April is Sexual Assault Awareness Month (SAAM,) a time to acknowledge and support all survivors of sexual violence. Events are scheduled all month on campus to promote SAAM and get students involved in the discussion of helping those in need; no matter who you are, these events are designed to be inclusive for all students.
Though CCC is pushing inclusivity, and support for survivors, there is a noticeable lack of representation and support for men in the promotional material for SAAM around campus. The topic of sexual violence is a serious one, not exclusive to any gender, but the focus of the support is difficult to distribute equally without someone feeling slighted.
Statistics point out that one in three women are survivors of sexual violence, neglecting to mention the fact that around three percent of men in the U.S. have experienced sexual violence as well. These statistics can be found on RAIN.org, and even though the statistics are fairly different, they both paint a clear picture that sexual violence does not discriminate.
Jairo Rodriguez, CCC’s Associated Student Government President said “When we think about sexual assault, most of the time we think about women, when in reality it does happen to men.”
Rodriguez also talked about the difficulties of balancing representation for everyone, and how women should be at the tip of the spear for support, without discrediting males in need.
“It’s a very heavy topic.” CCC student Ian H. said “There is a stigma to be masculine and deal with any emotions on your own.”
The lack of a strong male presence in the issue is obvious. “The majority of those seeking support from me are mostly women, some transsexual, and some male.” CCC Sexual Assault Advocate Mary Vest said.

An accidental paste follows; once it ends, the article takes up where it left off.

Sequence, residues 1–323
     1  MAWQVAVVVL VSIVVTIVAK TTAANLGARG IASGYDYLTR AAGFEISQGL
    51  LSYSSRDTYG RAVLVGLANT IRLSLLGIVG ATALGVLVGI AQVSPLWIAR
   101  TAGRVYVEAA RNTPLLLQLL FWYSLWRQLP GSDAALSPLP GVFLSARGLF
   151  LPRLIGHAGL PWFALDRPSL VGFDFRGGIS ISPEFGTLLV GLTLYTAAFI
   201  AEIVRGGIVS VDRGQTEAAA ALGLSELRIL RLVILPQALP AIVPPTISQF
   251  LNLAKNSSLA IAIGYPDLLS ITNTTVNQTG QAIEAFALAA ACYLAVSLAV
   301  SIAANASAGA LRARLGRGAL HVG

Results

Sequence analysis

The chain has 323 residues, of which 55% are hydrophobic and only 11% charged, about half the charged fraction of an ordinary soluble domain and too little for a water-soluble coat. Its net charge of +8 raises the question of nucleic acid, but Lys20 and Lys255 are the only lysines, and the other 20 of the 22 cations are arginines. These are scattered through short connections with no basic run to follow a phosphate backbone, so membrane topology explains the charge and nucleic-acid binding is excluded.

Supporting those affected by sexual violence is extremely important, said Vest. “To make a change towards a safer community, the change needs to start with the members of the community. It’s an ongoing discussion.”
“Grass roots” was a key phrase used by Emily Azor, a campus Administrator Assistant. Sexual assault is complicated, and there can be micro versions of sexual assault occurring without people even realizing it. The only way we can start a change, Azorr said, is with us as individuals. The stigmas that keep people from expressing the need for help out of fear can only be erased with time and hard work.
Emilie Azorr and Mary Vest were both very enthusiastic to talk about SAAM month in general, and brought up many good thoughts on the issues we face with sexual violence. Vest talked in depth on the fact that we just don’t know for certain how many men are affected by sexual violence, hard to say, and harder to address when men don’t feel comfortable expressing themselves.
For those seeking support for themselves or those they know affected by sexual violence, Mary Vest’s office is located in Barlow Hall room 202A the Oregon City campus. For individuals of any gender or orientation, counseling is available in the Bill Brod Community Center.
If you are in any way experiencing a crisis, or you just need someone to get your feelings out to, reach out to the 24-Hour Crisis Line at (503) 654-2288 or (888) 654-2288.